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Spring peepers

Musings from the Hill

I always thought it was a colloquialism.

Once I head the term at all. Or does it truly resonate all the way back to my childhood? I don’t remember any amphibians in North Platte — just sand in that part of Nebraska. I fear California was too densely populated to encourage much of anything in the way of wildlife.

But in springtime here they resound happily. Peepers of course. The official name is Pseudacris crucifer, meaning cross-bearer, named for the dark cross which roughly forms an X on its back.

I suspect most, if not all of us, welcome that happy chirp as the true door opening to spring. Daffodils? Oh, certainly, but how many more times do we figure they need to get snowed on before things really turn green?

Even though cold nights may silence them temporarily, peepers know. And I’m so glad they do. No matter how chilly the night, my window is cranked open so I can enjoy the serenade.

Where are they? The sound reverberates from all sides when I walk Molly. Do they need water to happily survive? Let me find out now.

I reach for the Peterson Guide to Reptiles (Hey! You never know!) and Amphibians.

There are also three kinds of Cricket Frogs. Is that something I should be learning about? It’s so hard to find the maps in Peterson but I do. Nope — I can forget the Cricket Frogs until I get back to Florida.

There are 12 kinds of Chorus Frogs which I find a tantalizing thought, so accustomed are we to a four-part choir. Just imagine!

The Boreal and Upland Chorus Frogs might be around here. (They seem to avoid Buffalo but like the Erie area.) In spite of its name, the Western Chorus Frog is all through the east (only). And of course the Spring Peeper. Only those four can join our chorus here in western New York. Well, that’ll do.

I’ll let Peterson tell us more: “Many persons hear chorus frogs but few ever see them. In the North these are vernal choristers that respond to the first warm rains as spring moves northward. In the South they are ‘winter frogs,’ their breeding season beginning at any time from November to late winter but usually in correlation with cool rains. They sing day or night in or near shallow, often temporary, bodies of water, sometimes in the open, but more often concealed in a clump of grass or other vegetation, where they are extremely difficult to find even when they advertise their presence by calling loudly. They are seldom encountered after the breeding season.”

This is a very small frog, the record being 1 1/2 inches while most are 3/4 to 1 1/4. Besides that cross, it has no distinctive mottling, striping or spots like other members of its genus. Expect it to be olive green . . . or brown or tan or gray or yellow. Females are lighter-colored, while males are slightly smaller and usually have dark throats.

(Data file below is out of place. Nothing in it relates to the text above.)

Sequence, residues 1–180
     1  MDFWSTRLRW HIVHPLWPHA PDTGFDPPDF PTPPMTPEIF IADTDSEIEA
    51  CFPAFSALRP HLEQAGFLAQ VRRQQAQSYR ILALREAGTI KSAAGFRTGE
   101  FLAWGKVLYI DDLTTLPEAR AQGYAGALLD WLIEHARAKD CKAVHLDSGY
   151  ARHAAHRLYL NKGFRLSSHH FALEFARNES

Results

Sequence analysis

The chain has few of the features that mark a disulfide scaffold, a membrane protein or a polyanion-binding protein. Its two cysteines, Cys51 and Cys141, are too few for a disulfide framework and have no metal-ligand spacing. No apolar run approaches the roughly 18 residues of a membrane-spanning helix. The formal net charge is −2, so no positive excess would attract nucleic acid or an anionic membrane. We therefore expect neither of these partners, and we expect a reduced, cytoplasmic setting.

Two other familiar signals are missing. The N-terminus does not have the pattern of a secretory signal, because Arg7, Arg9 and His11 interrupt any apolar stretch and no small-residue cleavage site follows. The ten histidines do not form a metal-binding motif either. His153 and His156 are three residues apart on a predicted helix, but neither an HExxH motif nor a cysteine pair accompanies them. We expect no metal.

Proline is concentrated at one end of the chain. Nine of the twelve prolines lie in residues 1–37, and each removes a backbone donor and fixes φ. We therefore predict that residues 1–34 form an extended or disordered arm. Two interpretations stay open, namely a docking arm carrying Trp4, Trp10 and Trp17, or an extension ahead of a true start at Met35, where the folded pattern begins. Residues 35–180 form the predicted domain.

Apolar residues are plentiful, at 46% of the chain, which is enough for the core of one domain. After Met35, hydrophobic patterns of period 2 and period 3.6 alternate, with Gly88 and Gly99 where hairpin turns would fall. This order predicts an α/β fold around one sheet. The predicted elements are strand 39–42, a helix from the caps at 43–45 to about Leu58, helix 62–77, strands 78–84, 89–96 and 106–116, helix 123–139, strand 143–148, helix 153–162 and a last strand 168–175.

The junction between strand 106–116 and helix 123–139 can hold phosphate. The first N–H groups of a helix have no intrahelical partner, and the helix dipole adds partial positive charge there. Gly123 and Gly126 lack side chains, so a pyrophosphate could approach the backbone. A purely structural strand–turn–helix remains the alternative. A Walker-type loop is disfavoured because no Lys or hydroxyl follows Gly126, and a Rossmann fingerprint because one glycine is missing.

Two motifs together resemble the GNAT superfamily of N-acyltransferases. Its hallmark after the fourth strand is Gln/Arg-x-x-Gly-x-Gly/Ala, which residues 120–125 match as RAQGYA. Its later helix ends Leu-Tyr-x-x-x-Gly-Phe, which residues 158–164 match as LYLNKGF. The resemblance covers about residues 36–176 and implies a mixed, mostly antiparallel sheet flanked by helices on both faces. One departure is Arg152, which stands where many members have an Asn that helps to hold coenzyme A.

It’s suggested, if you want to see Spring Peepers, you go during the breeding season for, while abundant, they are very shy. But apparently not so shy that they can’t form breeding aggregations of several hundred little frogs. You may find them in many small wetlands, including swamps and temporary pools and ponds which are needed to support the aquatic environment the eggs and tadpoles require. Blessed be our wet spring! They lay 900 to a thousand eggs at a time which, when hatching, support the tadpoles that last for two to three months before being transformed into the frogs who are then ready to head south for the winter.

In very cold weather they can hibernate, freezing some of their bodily fluids. They are able to survive as low as minus eight degrees Centigrade.

They feed mostly at night, particularly enjoying small invertebrates like beetles, ants, flies and spiders.

Need I describe its high-pitched, piping whistle of just one note repeated about once a second? I should have guessed it’s only the boys who “sing” and they — yup — are trying to attract females. One source says its high-pitched call is similar to a young chicken, only louder and rising slightly in tone. A few sources compared it to sleigh bells which I found pretty far-fetched . . . until the next time I listened. Truly, it does. And those calls can be heard up to two and a half miles away, depending on how large their congregation.

Young chicken or, better, sleigh bells, they are always welcomed here.

Susan Crossett has lived in Arkwright for more than 20 years. A lifetime of writing led to these columns as well as two novels. “Her Reason for Being” was published in 2008 with “Love in Three Acts” following in 2014. Information on all the Musings, her books and the author may be found at Susancrossett.com.

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